Breastfeeding faq

Close-up of baby being breastfed, in a round up of lactation consultants most common breastfeeding q...
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Lactation Consultants Answer The Most Frequently-Asked Breastfeeding Questions

Expert advice is here.

Every new parent has experienced the steep learning curve that accompanies the first hours and weeks of caring for a newborn. Your head swims with questions and exhaustion, and if you’re breastfeeding, establishing that relationship can be a major source of your earliest new-parent questions. Am I doing this right? How can I tell if my milk has come in? Is my baby eating enough, and how can I be sure? While you’re still in the hospital, or in the care of a doula or midwife, it’s a great idea to take advantage of their expertise from the get-go. Ask them to evaluate your baby’s latch, or help explain how you’ll know if your milk has come in yet, or perhaps to help you how to try a few different breastfeeding positions to see which feels best. Once you’re home, though, it’s inevitable that some breastfeeding questions will arise. We asked five lactation consultants to share the questions they hear most often from new parents, and how they answer. Whether you’re doing some middle of the night, nursing-session Googling, or are still in the midst of pregnancy and simply trying to prepare yourself, you’ll find expert answers to your most pressing breastfeeding questions here.

How do I know if my baby is getting enough milk?

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“The number one thing I am asked is: How do we know if the baby’s getting enough to eat?” says International-Board Certified Lactation Consultant (IBCLC) Tiara Caldwell. While it’s normal to worry and wonder about this, your pediatrician should be closely following your newborn’s weight, Caldwell assures. If there is a concern with weight, she says, your health care provider will likely recommend you get some guidance from a lactation professional. “You can’t weigh your baby every day, though, so the best thing to do is track diapers — wet and dirty diapers are a great indicator,” Caldwell suggests. “I encourage parents to trust their instincts. Usually you can tell if there’s an issue with your baby, even if you're a brand new parent.”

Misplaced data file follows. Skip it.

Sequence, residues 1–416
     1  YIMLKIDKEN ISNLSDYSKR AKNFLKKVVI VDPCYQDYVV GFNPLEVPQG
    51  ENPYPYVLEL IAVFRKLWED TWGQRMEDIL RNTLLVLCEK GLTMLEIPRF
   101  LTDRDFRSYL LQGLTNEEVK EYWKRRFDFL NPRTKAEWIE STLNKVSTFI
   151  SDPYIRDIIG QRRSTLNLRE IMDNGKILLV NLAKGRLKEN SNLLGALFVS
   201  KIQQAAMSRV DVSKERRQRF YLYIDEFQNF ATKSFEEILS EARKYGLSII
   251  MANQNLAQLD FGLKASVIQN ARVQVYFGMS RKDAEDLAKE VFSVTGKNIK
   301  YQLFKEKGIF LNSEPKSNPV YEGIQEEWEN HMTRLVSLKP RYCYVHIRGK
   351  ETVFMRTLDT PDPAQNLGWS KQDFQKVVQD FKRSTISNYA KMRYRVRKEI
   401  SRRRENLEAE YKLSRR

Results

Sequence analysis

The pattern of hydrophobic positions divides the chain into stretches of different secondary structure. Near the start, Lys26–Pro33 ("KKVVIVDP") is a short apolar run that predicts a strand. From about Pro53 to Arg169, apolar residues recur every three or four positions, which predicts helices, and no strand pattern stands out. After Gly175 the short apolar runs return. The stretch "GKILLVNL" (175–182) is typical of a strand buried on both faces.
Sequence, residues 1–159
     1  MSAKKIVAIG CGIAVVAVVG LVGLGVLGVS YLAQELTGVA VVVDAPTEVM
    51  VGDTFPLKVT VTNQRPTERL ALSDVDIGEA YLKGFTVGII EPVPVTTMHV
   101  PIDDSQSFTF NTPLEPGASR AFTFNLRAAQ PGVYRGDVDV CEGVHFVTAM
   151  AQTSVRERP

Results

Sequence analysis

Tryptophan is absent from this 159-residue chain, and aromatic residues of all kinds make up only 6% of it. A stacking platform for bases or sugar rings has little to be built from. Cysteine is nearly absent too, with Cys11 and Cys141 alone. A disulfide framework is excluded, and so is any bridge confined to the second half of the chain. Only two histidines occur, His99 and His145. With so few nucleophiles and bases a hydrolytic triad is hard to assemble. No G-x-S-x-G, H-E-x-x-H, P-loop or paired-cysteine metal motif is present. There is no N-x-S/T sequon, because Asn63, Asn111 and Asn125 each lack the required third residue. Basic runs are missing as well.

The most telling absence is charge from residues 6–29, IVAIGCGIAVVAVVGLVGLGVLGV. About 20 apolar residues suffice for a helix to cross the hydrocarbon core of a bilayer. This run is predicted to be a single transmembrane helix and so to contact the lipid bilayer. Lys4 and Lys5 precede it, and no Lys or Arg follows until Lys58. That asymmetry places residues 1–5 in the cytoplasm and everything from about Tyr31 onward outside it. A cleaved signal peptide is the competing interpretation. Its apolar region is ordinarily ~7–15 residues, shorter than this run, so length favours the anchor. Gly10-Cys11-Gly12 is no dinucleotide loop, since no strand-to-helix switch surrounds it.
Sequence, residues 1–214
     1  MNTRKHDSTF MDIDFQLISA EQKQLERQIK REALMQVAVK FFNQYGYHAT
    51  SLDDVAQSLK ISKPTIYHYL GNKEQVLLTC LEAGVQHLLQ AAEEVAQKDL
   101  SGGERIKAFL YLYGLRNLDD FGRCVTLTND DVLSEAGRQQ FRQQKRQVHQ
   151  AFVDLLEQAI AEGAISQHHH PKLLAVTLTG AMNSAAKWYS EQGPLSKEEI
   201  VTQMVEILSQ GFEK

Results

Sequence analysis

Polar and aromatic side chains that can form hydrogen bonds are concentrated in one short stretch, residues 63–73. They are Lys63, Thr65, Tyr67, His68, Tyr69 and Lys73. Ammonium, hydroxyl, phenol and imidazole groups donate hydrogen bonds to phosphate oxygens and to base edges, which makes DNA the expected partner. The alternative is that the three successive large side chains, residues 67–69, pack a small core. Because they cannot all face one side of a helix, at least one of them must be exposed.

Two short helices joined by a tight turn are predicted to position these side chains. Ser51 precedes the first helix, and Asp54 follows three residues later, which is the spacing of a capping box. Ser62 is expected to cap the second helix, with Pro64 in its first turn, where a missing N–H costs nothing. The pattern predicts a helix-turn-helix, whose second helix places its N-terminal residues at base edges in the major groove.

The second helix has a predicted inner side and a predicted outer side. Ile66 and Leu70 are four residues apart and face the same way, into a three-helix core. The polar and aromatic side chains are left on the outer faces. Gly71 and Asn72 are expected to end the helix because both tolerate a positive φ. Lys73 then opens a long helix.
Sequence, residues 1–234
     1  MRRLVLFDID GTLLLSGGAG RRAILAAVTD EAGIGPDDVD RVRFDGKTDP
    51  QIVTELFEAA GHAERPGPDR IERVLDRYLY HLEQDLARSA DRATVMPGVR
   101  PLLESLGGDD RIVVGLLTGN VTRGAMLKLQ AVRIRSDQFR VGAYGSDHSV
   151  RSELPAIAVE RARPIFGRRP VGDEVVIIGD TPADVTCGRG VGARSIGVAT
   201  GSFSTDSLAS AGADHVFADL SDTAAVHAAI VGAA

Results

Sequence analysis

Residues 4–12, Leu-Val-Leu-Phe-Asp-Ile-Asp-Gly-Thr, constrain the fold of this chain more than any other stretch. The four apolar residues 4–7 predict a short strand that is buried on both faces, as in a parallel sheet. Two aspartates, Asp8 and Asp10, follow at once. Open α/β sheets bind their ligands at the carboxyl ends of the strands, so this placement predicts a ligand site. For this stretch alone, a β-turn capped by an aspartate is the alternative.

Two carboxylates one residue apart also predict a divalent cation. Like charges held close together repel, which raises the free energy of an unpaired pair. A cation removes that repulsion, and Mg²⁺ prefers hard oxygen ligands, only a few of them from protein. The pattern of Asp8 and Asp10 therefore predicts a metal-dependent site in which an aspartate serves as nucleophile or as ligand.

Chanelle Andrews, an IBCLC, agrees that this question is one that many new parents worry about. “Many believe they need to produce enough milk to feed their baby and have enough to store bags and bags of milk in the freezer, so when I let them know their newborn’s stomach can only hold a few drops, they’re shocked,” Andrews says. If there is a known medical condition that may cause a breastfeeding person to have a decreased milk supply, Andrews says that early weight monitoring of the baby may be necessary to make sure they are getting enough milk. “There are very rare instances when a parent cannot produce enough breastmilk,” she stresses. If you are worried at all, though, it’s never a bad idea to reach out to your pediatrician or health care provider, who can asses your baby’s weight gain and help measure how much milk they’re taking in during a breastfeeding session.

Will breastfeeding hurt?

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What pregnant person has not imagined breastfeeding a newborn and asked themselves how on earth that could be comfortable? And indeed, Andrews says that whether or not breastfeeding hurts is one of the most common questions she gets. “I always let them know that there is a difference between discomfort and pain,” she says, explain that there usually is an adjustment period as the breastfeeding person gets used to having a baby at their breast for so many hours a day, and that can be uncomfortable. “This is especially true for parents who have inverted nipples, multiples, and are nursing for the very first time.”